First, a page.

SPACE FINS: Astronaut Shirtsleeves Mobility

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Hands free human-powered propulsion in weightlessness inside a pressurized spacecraft is possible, wearing a pair of soft slippers shaped like a diver's swim fins.

Since the cramped cockpits of early space missions, crew cabins have grown in volume. The Skylab station was so large crew somersaulted through its airy center.

It is time consuming and a safety risk to push one's way end to end of a large space complex. Given fire or decompression, seconds count to navigate to the nearest hatchway for escape.

Astronauts twist, roll, repel off or drift in their chosen direction, or use their feet to kick like a swimmer, in air rather than water. But their feet have little surface area to displace the air, even getting "stuck" in midair.

Space Fins are compact and stiffened internally to function like a swim fin in the air. They are wearable all day like a pair of bedroom slippers. Feet are inserted through soft straps or a sock, held securely but comfortably.

Prototype made of craft felt; quilt batting; plastic sheet; socks; Velcro straps and steel weight rods (Figure One). Glow tape stripes allow crew to locate each other in the dark. LED lights may also be attached.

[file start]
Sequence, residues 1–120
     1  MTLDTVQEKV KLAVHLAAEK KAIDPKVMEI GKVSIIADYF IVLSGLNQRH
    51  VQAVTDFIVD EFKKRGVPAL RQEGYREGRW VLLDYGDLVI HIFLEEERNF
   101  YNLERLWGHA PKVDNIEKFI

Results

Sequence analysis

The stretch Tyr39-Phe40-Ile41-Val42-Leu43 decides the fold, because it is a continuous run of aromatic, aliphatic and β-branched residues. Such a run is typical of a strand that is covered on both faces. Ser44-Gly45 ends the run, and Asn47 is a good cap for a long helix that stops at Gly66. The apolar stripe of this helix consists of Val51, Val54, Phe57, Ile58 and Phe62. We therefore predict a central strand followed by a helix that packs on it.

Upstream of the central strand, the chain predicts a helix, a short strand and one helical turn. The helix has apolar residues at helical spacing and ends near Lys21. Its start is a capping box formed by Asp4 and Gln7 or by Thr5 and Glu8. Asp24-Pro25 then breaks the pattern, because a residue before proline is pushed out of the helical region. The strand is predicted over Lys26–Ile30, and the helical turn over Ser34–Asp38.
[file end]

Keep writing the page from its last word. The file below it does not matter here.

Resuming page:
Each fin is sixteen inches long, eleven inches wide, one inch thick and are 0.7 pounds weighted.

For fire safety, fins can be of Nomex felt, batting of glass fabric and flexible core of silicone (Figure Two).

Video demonstrates fins displacing room air to turn a pinwheel. Test suggests blades of fins should flap up and down with sharp kick strokes. Blade edges are weighted to ensure flapping. Core is springy. Blades can be articulated. Use all rubber variant for pool training.

Space Fins allow quick travel, maneuvering and positioning of oneself inside of a spacecraft.




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  • Name:
    Leonard J Holmin
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